Herpes simplex is a virus that causes recurrent infections of mucosal tissues such as the lips, eye and genital tract. Two distinct species have been described, which differ in their DNA sequence and tend to affect different tissues. Most often, the species affecting ocular tissues is type 1. Approximately 50% people by the age of 40 have been infected by herpes simplex and almost everyone has been infected by their 70’s. The virus incorporates itself into our DNA in a portion of the brain known as the trigeminal ganglion, only causing symptoms when latency is lost and the virus travels down the nerve to the mouth, lips or eye. Only a small proportion of individuals suffer from herpes simplex infections (cold sores, for example) because only a few strains persistently lose latency. Only rarely, do we observe primary infections of the eye, more often in children than adults. Herpes simplex infection of the eye usually result from reactivation of latent viral infection. Certain triggers, which differ between individuals, precipitate a recurrent episode.
How is the eye affected?
i) Primary Infection
Usually small blisters around the eyelid are found associated with a red sore eye (follicular conjunctivitis). Occasionally, the cornea can be affected by primary infection with dendritic ulcers and swelling (disciform keratitis).
ii) Recurrent HSK
a) Epithelial disease
Characteristic lesions called dendritic ulcers form which respond to acyclovir (Zovirax) ointment or F3T drops.
b) Disease of the corneal stroma
The corneal endothelium may be locally affected reducing its ability to keep the cornea dry and transparent. This results in blurring of vision. The picture below shows the cornea of a patient after 3 weeks treatment, showing resolution of the swelling, but persistent stromal haze and inflammatory cells (keratic precipitates) on the back of the cornea (corneal endothelium).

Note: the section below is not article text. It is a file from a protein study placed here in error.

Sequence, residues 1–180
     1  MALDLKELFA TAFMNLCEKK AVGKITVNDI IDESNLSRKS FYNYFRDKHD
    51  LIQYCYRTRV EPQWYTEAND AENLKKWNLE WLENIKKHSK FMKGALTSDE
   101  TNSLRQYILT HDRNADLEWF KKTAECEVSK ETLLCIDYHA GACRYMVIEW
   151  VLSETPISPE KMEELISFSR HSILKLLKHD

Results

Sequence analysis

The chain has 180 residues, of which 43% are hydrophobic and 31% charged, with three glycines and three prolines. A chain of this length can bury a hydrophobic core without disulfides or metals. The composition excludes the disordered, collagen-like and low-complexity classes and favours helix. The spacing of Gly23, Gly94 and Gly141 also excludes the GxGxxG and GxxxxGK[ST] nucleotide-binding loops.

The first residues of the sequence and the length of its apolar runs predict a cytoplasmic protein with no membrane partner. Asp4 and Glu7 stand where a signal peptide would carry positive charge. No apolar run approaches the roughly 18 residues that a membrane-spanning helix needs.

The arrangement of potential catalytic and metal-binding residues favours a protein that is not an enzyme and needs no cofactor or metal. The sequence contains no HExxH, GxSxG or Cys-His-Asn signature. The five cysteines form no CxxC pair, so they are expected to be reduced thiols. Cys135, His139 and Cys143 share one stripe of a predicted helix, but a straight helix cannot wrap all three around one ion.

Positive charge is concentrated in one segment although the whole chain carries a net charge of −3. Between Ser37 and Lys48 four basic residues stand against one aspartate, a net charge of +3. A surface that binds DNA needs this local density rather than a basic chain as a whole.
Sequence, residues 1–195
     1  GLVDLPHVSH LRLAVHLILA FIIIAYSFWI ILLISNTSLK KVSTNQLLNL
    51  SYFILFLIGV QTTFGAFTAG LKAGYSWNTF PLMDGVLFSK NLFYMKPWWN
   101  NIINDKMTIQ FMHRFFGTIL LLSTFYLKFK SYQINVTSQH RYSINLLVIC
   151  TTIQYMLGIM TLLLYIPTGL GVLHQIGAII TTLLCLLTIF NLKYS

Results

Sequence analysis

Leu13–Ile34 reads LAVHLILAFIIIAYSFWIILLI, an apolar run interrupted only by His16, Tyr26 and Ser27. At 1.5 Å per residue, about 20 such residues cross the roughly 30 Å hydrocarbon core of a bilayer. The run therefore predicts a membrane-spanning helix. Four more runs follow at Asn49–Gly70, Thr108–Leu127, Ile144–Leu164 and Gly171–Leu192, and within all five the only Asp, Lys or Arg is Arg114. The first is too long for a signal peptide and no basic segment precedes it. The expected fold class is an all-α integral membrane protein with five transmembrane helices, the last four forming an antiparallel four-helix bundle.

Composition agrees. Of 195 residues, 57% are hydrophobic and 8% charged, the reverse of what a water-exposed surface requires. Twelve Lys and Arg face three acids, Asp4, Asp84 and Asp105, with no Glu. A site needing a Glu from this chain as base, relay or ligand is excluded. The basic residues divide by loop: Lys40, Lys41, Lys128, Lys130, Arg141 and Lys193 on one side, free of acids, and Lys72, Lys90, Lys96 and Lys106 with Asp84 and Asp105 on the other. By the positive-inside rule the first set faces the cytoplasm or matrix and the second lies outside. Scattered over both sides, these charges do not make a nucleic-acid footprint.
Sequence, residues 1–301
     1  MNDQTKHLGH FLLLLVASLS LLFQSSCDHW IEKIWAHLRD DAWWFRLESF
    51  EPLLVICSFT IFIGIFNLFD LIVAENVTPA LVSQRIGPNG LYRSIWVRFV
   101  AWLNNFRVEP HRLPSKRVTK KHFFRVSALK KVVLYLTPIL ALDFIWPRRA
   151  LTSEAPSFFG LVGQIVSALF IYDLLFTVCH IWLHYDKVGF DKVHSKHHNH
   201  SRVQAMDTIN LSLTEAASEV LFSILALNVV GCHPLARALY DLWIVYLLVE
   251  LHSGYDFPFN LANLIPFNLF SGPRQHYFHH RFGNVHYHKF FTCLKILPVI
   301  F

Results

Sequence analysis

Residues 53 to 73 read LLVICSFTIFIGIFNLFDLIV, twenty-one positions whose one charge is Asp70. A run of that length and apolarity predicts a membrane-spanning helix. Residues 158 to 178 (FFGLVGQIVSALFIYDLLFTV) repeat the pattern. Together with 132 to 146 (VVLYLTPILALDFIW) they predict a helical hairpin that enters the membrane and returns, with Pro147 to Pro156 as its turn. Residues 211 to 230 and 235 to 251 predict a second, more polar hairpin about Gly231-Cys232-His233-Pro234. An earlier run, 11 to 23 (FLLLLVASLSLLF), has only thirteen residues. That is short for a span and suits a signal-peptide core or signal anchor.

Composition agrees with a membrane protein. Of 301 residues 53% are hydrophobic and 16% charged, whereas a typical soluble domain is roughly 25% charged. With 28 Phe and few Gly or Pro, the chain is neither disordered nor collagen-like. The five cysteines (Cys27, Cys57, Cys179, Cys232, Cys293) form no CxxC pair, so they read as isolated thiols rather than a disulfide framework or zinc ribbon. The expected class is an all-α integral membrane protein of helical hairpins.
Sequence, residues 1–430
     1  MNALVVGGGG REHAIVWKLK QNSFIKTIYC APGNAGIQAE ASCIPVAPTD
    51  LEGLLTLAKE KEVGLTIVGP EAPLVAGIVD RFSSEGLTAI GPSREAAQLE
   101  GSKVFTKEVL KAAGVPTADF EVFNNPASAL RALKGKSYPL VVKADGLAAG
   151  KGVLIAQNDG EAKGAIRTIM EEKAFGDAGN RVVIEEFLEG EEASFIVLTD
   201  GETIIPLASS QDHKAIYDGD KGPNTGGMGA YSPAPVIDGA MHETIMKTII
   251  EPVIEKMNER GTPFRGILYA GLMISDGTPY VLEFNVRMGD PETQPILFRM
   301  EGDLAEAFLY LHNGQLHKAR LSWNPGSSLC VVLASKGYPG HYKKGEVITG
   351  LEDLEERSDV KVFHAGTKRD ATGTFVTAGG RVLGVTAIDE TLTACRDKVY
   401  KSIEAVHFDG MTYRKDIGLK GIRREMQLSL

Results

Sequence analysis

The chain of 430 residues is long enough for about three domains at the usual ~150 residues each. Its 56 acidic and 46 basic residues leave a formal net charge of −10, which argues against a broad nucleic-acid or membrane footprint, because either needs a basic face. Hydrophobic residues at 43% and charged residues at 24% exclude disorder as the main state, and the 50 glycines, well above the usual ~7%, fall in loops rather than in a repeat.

Occasionally, the the trabecular endothelium is also involved, which reduces aqueous fluid drainage from the eye and results in high intraocular pressure.
Another form of corneal stromal disease is necrotizing interstitial keratitis, where white infiltrates form usually in the corneal periphery often associated with vascularisation and corneal thinning. If the overlying corneal epithelium is lost, there is a risk of corneal perforation in these patients.
For epithelial disease, a 2 week course of acyclovir ointment is required. This often disturbs the normal corneal epithelium which can take a week to recover after the ointment has been stopped. Steroid drops can excarcerbate a corneal ulcer and turn a well localised dendritic ulcer into a much larger metaherpetic or geographic ulcer which might perforate.
For the stromal lesions, steroids drops are often required to hasten resolution and are frequently used long-term to decrease the risk of recurrent stromal disease. We are using much more oral acyclovir now the drug is off-patent. Oral acyclovir reduces the risk of recurrent stromal disease from 32% per year to 19% per year.